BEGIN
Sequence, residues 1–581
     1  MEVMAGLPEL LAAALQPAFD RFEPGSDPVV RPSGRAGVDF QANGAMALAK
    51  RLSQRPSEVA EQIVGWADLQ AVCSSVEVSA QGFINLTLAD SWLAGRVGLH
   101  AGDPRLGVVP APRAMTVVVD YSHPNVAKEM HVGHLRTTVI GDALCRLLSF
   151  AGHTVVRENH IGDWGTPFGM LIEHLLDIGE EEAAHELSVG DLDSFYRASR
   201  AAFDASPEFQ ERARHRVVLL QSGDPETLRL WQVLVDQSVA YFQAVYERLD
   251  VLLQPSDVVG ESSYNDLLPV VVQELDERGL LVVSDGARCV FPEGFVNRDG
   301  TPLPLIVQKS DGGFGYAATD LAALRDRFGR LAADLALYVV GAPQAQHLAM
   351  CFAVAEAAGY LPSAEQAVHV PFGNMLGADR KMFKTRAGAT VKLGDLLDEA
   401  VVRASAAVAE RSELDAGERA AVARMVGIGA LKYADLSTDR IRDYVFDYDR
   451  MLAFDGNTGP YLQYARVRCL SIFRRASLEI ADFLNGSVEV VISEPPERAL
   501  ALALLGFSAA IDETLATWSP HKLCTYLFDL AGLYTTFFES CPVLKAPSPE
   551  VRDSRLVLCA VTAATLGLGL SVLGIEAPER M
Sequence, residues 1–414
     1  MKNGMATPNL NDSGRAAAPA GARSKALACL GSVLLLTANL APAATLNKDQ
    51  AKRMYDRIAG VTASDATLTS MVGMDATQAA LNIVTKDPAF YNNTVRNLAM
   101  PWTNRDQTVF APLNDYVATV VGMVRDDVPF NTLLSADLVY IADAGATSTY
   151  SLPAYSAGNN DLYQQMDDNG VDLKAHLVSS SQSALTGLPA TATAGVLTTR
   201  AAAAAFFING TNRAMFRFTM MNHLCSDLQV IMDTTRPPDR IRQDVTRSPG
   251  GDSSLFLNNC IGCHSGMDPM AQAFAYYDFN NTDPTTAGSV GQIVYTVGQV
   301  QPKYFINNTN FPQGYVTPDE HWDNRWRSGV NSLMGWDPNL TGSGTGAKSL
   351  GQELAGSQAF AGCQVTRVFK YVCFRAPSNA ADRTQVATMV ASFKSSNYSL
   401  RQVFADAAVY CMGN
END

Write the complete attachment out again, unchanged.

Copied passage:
Sequence, residues 1–581
     1  MEVMAGLPEL LAAALQPAFD RFEPGSDPVV RPSGRAGVDF QANGAMALAK
    51  RLSQRPSEVA EQIVGWADLQ AVCSSVEVSA QGFINLTLAD SWLAGRVGLH
   101  AGDPRLGVVP APRAMTVVVD YSHPNVAKEM HVGHLRTTVI GDALCRLLSF
   151  AGHTVVRENH IGDWGTPFGM LIEHLLDIGE EEAAHELSVG DLDSFYRASR
   201  AAFDASPEFQ ERARHRVVLL QSGDPETLRL WQVLVDQSVA YFQAVYERLD
   251  VLLQPSDVVG ESSYNDLLPV VVQELDERGL LVVSDGARCV FPEGFVNRDG
   301  TPLPLIVQKS DGGFGYAATD LAALRDRFGR LAADLALYVV GAPQAQHLAM
   351  CFAVAEAAGY LPSAEQAVHV PFGNMLGADR KMFKTRAGAT VKLGDLLDEA
   401  VVRASAAVAE RSELDAGERA AVARMVGIGA LKYADLSTDR IRDYVFDYDR
   451  MLAFDGNTGP YLQYARVRCL SIFRRASLEI ADFLNGSVEV VISEPPERAL
   501  ALALLGFSAA IDETLATWSP HKLCTYLFDL AGLYTTFFES CPVLKAPSPE
   551  VRDSRLVLCA VTAATLGLGL SVLGIEAPER M
Sequence, residues 1–414
     1  MKNGMATPNL NDSGRAAAPA GARSKALACL GSVLLLTANL APAATLNKDQ
    51  AKRMYDRIAG VTASDATLTS MVGMDATQAA LNIVTKDPAF YNNTVRNLAM
   101  PWTNRDQTVF APLNDYVATV VGMVRDDVPF NTLLSADLVY IADAGATSTY
   151  SLPAYSAGNN DLYQQMDDNG VDLKAHLVSS SQSALTGLPA TATAGVLTTR
   201  AAAAAFFING TNRAMFRFTM MNHLCSDLQV IMDTTRPPDR IRQDVTRSPG
   251  GDSSLFLNNC IGCHSGMDPM AQAFAYYDFN NTDPTTAGSV GQIVYTVGQV
   301  QPKYFINNTN FPQGYVTPDE HWDNRWRSGV NSLMGWDPNL TGSGTGAKSL
   351  GQELAGSQAF AGCQVTRVFK YVCFRAPSNA ADRTQVATMV ASFKSSNYSL
   401  RQVFADAAVY CMGN